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Cloning Stem Cell Research Stem Cell Research

Editorial: 21st Century vs. Dark Ages

15 years, 9 months ago

1386  0
Posted on May 30, 2003, 12 p.m. By Bill Freeman

Capitol Times May 21, 2003 While legislators, academics and business leaders across the United States are working this spring to make their states the leaders in the emerging field of scientific study known as stem cell research, Wisconsin already is the leader. Because of the pioneering work of scientists at the University of Wisconsin-Madison, as well as the initiatives of the Wisconsin Alumni Research Foundation (WARF) and the WiCell initiative, it is Wisconsin to which scientists in other states and countries turn when they want to begin doing research on how to cure diseases, develop new treatments for the afflicted and responsibly advance the frontiers of research regarding human life.
Capitol Times
May 21, 2003

While legislators, academics and business leaders across the United States are working this spring to make their states the leaders in the emerging field of scientific study known as stem cell research, Wisconsin already is the leader. Because of the pioneering work of scientists at the University of Wisconsin-Madison, as well as the initiatives of the Wisconsin Alumni Research Foundation (WARF) and the WiCell initiative, it is Wisconsin to which scientists in other states and countries turn when they want to begin doing research on how to cure diseases, develop new treatments for the afflicted and responsibly advance the frontiers of research regarding human life.

So what are Wisconsin legislators doing to ensure that Wisconsin maintains its position of prominence in what analysts generally agree will be one of this era's most significant areas of scientific advancement? They are considering a proposal that would undermine, and perhaps even destroy, Wisconsin's ability to lead in stem cell research.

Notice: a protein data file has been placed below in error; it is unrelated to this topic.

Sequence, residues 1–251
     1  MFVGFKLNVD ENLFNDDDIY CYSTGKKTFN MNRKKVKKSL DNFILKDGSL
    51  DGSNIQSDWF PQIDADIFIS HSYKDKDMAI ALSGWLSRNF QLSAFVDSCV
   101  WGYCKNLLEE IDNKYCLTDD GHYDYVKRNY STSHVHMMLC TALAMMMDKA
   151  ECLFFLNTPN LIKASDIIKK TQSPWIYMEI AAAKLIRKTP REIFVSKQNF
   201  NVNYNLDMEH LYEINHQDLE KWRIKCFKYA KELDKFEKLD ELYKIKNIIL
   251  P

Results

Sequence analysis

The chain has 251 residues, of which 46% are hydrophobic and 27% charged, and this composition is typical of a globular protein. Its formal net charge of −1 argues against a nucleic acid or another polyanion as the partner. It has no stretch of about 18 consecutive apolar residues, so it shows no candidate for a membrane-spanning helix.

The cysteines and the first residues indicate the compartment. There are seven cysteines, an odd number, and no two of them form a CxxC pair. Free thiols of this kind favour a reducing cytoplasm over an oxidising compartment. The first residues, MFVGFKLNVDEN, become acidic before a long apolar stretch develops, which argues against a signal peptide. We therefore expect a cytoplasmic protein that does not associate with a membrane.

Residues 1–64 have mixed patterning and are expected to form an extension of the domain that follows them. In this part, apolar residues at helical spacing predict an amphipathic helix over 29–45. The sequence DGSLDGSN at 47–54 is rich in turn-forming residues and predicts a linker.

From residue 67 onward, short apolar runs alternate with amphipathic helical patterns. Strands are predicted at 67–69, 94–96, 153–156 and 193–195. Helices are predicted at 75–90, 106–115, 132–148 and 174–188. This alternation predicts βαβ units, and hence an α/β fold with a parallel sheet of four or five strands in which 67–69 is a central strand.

If passed, legislation written to bar ethical and legitimate forms of embryonic stem cell research under the guise of preventing human cell cloning would slow the search for cures to diseases that afflict millions of people in the United States and hundreds of millions around the world. That's the most significant reason why this legislation should be rejected.

But it is certainly not the only reason for Wisconsin legislators to oppose the proposal. They ought also to be concerned about the devastating blow it would deal to research programs at the UW and to Wisconsin's economy.

Addressing a legislative hearing on the proposed legislation Tuesday, WARF's Andy Cohn offered a stark, yet necessary, warning to legislators: "I would like to remind you that the consequence of this legislation would be that this research would go to another state and would flourish. Companies interested in this technology could not locate here, and suppliers to those businesses would not locate in Wisconsin."

It is notable that, against Cohn's explanation of why this legislation must be rejected, supporters of the bill could offer nothing more than ranting about evil science and warnings that the UW's internationally respected research initiatives are exploring dangerous and deadly ground that bears the fictional, but unmistakable footprint of Frankenstein.

The hearing did not feature a rational debate between supporters of stem cell research and foes. While the supporters came prepared for such a debate, the opponents could not find their way out of the distant and ignorant past in which they are mired.

All the same, the hearing was instructive. We now know that legislators face a simple choice between the science of the 21st century and the fears of the Dark Ages.

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